In the 1950s and 1960s, journalism was terribly staid by today's standards.

Speeches of national and local politicians were reported at great length with little comment or interpretation.

Now even leading politicians such as the prime minister or first minister don't have their words reported at any length. Commentators, sketch writers and analysts are often given much more space or air time.

Loading article content

At local level, council meetings, tribunals, presbytery meetings, planning inquiries and the like were once reported at length. Now such meetings are routinely ignored. There is the danger of a democratic deficit here.

If we go back 30, 40 or even 60 years, there were only two basic routes into journalism. You left school, joined a local paper and worked your way up, or, if you were a graduate, you could get a job on a bigger paper, but still had to learn the basics of reporting.

I went to the former Thomson Newspapers journalism training school in Newcastle for almost a year to learn the basics. There was little or no discussion of ethics. The one golden rule was accuracy: check your facts, quote people accurately.

Nowadays comment is much more respected and prevalent. There's nothing wrong with that, but hard news reporting is and should remain the bedrock.

I don't want to be too starry-eyed about the past. Ethical standards were possibly higher but there was far too much deference in papers and broadcasting. Things are more complicated now, mainly because of the electronic media and 24-hour news culture.

I was lucky that for most of my career I worked for proprietors who were much more interested in profitability than the editorial line.

There are now proprietors such as Rupert Murdoch and Richard Desmond. I have, controversially, attempted a public defence of Murdoch, although I've never worked for him. I think he deserves credit for saving The Times. He deserves less credit for re-inventing The Sun as a kind of comic in the 1970s. It would be more difficult to attempt a public defence of Mr Desmond, the boss of Express Newspapers, who told the Leveson Inquiry he did not know what the word "ethical" meant.

Some of what this extensive and very expensive inquiry has uncovered has been indefensible. I think the most worrying thing is the culture that seems to operate in some of the freelance agencies which news organisations use as they cut down on their own reporting staff, apparently one of extraordinary pressure to get stories by any means.

It's ludicrous that the UK Parliament debated this huge report within a day of publication. I have doubts about the need for any kind of statutory control and an instinctive suspicion of political control.

Many journalists resent what they see as the undoubted abuse by some rogue reporters being used to punish the entire industry when meanwhile, on the internet, there is an at times pretty sick and wholly unregulated free-for-all.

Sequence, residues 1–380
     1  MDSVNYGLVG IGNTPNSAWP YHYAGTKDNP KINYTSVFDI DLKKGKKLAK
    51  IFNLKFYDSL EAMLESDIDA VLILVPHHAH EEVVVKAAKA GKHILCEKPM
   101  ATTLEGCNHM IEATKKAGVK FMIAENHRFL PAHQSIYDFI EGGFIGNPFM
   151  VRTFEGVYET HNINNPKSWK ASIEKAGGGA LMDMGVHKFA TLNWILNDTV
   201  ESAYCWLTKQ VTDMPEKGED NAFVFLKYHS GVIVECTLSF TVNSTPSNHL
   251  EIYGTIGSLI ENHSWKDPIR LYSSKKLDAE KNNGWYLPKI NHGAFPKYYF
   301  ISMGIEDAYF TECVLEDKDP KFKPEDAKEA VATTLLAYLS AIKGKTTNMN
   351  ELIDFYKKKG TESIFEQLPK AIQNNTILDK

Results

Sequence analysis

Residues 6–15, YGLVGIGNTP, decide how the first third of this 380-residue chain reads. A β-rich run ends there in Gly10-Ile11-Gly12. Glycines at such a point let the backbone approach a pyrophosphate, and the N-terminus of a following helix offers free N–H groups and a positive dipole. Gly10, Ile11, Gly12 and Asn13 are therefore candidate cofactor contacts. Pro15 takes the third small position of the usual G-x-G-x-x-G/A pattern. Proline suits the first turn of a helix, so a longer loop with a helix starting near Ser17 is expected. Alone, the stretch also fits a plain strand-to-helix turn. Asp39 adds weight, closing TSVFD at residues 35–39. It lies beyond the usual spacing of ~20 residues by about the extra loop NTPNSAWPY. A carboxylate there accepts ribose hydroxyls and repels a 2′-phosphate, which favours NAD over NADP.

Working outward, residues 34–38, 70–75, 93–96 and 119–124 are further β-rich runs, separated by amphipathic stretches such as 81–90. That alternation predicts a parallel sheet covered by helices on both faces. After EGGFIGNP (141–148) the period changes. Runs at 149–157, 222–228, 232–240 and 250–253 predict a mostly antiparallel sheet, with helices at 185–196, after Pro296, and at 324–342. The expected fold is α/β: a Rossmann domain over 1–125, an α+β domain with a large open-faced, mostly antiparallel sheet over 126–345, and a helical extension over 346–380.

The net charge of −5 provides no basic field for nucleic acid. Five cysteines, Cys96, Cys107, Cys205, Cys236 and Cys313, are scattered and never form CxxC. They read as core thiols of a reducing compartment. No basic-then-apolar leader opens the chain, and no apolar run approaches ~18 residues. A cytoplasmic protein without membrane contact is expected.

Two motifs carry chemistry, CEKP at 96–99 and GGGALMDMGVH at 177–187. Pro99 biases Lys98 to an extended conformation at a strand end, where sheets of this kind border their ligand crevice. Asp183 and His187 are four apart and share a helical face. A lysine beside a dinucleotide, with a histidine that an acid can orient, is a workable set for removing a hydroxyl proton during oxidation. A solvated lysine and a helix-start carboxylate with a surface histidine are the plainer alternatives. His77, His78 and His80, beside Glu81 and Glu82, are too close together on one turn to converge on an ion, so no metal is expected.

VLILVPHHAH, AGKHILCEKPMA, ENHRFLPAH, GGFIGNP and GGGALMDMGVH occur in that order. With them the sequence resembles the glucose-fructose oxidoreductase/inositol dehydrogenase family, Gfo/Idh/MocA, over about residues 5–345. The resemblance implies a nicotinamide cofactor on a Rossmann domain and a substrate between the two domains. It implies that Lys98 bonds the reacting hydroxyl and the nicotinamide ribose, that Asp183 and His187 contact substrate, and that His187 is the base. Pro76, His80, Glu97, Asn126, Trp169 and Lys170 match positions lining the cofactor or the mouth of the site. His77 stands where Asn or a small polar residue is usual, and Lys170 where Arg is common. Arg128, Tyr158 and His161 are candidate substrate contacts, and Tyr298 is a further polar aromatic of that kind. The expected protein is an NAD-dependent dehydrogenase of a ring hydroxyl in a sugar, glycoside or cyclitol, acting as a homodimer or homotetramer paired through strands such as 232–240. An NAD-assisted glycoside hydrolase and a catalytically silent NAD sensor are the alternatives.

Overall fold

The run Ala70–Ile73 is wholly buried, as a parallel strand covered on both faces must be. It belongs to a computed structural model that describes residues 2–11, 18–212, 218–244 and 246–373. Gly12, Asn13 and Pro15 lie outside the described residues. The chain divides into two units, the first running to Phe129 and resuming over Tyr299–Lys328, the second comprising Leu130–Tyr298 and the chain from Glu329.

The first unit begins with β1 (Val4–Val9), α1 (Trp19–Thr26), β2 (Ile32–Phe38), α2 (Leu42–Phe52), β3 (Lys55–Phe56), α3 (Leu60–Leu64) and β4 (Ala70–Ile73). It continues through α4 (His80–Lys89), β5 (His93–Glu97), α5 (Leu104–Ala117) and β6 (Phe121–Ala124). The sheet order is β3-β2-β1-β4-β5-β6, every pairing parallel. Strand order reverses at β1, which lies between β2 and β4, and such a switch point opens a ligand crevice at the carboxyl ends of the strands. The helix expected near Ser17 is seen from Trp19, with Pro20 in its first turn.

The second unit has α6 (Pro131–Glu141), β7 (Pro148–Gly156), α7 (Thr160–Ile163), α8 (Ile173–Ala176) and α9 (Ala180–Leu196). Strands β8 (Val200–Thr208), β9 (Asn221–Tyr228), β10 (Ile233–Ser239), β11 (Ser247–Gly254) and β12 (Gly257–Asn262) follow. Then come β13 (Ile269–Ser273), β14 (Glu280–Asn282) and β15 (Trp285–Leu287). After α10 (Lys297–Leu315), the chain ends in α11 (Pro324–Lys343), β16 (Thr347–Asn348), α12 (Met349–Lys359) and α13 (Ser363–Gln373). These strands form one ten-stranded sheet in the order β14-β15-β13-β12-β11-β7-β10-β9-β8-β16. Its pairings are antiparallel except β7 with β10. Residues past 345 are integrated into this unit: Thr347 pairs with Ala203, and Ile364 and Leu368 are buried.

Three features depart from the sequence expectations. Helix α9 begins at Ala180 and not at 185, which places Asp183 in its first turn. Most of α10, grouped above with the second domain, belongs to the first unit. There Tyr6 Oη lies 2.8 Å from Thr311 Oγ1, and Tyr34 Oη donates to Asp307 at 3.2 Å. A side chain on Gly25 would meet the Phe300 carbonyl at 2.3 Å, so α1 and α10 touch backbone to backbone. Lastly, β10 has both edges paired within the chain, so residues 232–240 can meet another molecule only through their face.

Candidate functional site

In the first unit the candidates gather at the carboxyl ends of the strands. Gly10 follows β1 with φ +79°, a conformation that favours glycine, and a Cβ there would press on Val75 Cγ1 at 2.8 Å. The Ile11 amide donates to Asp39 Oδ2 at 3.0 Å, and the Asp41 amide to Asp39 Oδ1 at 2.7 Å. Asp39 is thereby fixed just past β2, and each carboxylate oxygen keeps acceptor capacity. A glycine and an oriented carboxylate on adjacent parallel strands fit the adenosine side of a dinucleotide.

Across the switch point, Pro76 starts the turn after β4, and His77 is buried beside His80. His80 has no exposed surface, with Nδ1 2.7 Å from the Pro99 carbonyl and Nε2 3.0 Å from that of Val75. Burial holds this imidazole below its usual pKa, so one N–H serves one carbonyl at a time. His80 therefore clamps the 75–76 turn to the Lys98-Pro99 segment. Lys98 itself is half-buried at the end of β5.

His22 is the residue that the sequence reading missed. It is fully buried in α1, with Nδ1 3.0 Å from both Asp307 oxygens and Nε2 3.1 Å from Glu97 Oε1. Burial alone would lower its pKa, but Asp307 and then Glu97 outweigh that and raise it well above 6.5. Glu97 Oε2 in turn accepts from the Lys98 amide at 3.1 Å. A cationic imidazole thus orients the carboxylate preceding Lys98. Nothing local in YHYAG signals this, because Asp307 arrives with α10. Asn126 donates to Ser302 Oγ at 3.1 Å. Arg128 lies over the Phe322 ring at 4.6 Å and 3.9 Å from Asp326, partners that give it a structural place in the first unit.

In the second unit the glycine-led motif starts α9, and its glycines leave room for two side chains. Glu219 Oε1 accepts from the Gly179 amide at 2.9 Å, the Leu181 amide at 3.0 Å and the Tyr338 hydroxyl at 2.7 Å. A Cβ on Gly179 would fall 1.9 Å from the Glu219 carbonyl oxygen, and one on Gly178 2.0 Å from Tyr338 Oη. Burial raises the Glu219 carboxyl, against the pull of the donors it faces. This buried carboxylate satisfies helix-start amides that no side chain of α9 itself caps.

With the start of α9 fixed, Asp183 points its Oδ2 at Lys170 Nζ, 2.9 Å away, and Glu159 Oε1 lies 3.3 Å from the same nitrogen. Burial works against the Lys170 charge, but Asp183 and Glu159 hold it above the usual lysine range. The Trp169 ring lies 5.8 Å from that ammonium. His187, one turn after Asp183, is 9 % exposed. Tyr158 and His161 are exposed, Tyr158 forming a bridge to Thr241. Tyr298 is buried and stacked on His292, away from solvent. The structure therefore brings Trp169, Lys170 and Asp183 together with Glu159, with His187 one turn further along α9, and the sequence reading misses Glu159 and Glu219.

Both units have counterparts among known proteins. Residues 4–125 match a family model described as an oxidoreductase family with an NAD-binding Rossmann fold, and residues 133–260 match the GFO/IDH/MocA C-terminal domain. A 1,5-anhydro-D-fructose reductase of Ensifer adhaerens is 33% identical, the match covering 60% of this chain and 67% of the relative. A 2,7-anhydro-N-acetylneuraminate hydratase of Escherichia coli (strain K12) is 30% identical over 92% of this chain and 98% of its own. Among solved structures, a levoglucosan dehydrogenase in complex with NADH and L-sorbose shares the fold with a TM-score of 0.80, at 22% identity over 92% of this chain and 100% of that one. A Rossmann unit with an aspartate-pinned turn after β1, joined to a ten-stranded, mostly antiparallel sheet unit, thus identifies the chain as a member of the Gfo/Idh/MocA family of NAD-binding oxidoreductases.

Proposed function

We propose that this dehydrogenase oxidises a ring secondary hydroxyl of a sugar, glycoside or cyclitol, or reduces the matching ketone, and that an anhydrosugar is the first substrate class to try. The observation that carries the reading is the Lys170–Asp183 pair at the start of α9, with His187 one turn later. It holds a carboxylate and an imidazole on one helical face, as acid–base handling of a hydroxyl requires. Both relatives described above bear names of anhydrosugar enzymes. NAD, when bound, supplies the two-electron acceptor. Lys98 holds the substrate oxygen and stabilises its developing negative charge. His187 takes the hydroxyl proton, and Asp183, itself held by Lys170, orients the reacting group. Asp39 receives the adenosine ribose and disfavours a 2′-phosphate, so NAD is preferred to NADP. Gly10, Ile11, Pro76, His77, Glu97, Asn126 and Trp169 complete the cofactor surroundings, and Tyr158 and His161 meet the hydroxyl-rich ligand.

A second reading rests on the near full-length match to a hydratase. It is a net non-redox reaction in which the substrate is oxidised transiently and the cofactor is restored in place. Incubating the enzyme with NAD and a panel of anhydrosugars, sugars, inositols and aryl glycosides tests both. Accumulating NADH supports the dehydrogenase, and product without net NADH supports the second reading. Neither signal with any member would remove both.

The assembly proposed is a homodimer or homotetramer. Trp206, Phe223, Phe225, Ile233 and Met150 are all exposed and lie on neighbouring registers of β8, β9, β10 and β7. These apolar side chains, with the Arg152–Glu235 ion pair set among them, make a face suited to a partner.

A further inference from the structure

I reckon Lord Leveson did not quite understand the necessarily close relationship between journalists and politicians at local and national level.

Enoch Powell once said that a politician who complains about the Press is like a fish complaining about the sea.

I think politicians have much to answer for. Once, contacts were all-important for any reporter. The best way of getting good stories was to have contacts who trusted you. It did not imply fawning or obsequious reporting – far from it. But we now have all sorts of middlemen who get in the way of this relationship.

Some PR agencies, lobbyists and the like are very good but their growth is breaking down old relationships of trust and respect between people with power and the media.

It's the job of the media to present truth to power. But sometimes, paradoxically, to get the truth you need the confidence and respect of politicians. The tendency for this relationship to become distorted or break down raises serious ethical issues. Undoubtedly there should be more investigative journalism, but it's expensive and takes time. You can have two or three good journalists working on a story for weeks, even months.

Some of the best investigations have been done by individual journalists, often dogged folk who preferred working alone.

During my time as editor of The Herald I was very proud that Simon Bain was elected Scottish Journalist of the Year in 2000 for his excellent expose of petrol price-fixing in the Highlands, which required hours of persistent research – and involved taking on some very powerful corporations.

Even at this time of falling circulations and reduced revenues, I believe our Scottish national press is doing a remarkable, special and necessary job.

The Herald, and the other Scottish papers, are going to be more important than ever in the coming two years. We undermine them at our peril.

This is an edited version of Harry Reid's talk on Ethics and the Media at the Colloquium on Ethics held at Glasgow Law School on Tuesday.